public TestReader(Stream stream) : base(stream)
{
}

protected override void Dispose(bool disposing)
{
Console.WriteLine("Dispose called.");
base.Dispose(disposing);
}
}

public class Test {
[STAThread]
public static void Main()
{
TestReader testReader = new TestReader(new MemoryStream());
testReader.Close();
}
}
}

Sunny

In article <uK**************@TK2MSFTNGP12.phx.gbl>,
no***********@no.thelandslide.spam.com says...
Hi all,
coming from an unmanaged programming background, I took my time to
sort out the IDisposable and finalizer patterns. Just when I thought
I had it all conceptually neatly arranged, the "Close()" methods reared
their ugly (at least it would seem...)heads.

I was happily delving away in the .NET framework, investigating the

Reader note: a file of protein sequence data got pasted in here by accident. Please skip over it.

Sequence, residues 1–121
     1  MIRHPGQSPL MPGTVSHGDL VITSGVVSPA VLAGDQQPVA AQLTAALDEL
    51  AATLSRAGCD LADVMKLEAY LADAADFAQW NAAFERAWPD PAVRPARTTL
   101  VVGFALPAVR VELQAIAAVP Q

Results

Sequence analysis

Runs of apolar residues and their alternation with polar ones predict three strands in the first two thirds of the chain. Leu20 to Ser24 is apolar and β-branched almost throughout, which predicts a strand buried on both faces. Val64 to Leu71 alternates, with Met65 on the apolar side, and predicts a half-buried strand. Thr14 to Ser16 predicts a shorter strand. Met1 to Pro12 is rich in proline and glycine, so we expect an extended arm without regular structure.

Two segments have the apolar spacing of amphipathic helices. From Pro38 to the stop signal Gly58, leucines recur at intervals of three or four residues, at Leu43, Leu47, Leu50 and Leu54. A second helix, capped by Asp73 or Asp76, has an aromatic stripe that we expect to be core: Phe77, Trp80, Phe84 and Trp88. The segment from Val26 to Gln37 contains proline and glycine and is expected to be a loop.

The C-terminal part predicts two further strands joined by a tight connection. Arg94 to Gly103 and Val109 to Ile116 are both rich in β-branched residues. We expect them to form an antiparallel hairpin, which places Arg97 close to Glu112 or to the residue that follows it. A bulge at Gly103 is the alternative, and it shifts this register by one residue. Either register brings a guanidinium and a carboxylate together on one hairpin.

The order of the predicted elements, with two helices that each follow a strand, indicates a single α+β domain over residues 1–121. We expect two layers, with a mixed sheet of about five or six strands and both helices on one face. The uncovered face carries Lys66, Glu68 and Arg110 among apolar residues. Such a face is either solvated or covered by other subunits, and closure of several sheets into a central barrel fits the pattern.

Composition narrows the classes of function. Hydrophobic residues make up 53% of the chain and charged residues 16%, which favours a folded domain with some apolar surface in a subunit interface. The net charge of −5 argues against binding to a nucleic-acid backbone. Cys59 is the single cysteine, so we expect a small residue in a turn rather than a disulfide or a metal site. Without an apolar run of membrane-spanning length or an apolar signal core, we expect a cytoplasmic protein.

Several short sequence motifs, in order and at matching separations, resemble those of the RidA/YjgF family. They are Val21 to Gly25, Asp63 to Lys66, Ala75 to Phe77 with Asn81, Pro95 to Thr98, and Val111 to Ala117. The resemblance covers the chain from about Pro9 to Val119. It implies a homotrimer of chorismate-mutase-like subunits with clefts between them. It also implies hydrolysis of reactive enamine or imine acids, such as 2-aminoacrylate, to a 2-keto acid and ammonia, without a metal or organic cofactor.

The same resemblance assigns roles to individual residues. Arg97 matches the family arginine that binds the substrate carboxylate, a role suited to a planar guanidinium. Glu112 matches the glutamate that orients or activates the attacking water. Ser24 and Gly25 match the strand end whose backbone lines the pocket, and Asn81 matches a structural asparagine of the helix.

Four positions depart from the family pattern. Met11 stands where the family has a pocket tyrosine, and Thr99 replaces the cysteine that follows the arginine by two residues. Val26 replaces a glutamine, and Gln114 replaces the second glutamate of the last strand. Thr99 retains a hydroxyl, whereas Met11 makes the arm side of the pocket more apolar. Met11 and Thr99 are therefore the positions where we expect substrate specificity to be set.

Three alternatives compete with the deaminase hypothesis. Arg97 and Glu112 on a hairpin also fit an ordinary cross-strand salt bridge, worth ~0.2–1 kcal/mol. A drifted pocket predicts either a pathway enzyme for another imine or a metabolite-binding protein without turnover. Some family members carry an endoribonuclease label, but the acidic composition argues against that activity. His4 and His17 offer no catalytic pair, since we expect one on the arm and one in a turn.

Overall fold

stream classes with the msdn and Lutz Roeder's .NET reflector, when I
stumbled upon the following:

(using BinaryReader as an example, though not the only "bad guy")
1) The MSDN : "This implementation of Close calls the Dispose method
passing a true value."
2) the Close() method in the BinaryReader is marked virtual
3) the "using" keyword will invoke the implemented IDisposable.Dispose()
on the expression you want to dispose

it looks to me like the "using" keyword in this case could be
potentially very dangerous. Nothing prevents me from descending from
BinaryReader, override the Close() method, and do some essential extra
work (marking a flag, log something, whatever), and everyone using my
class with the "using" keyword would have (at best) unnoticed side effects.

I can see the need for IDisposable, I can see the need for virtual
methods that will call Dispose on your behalf, but I don't get the need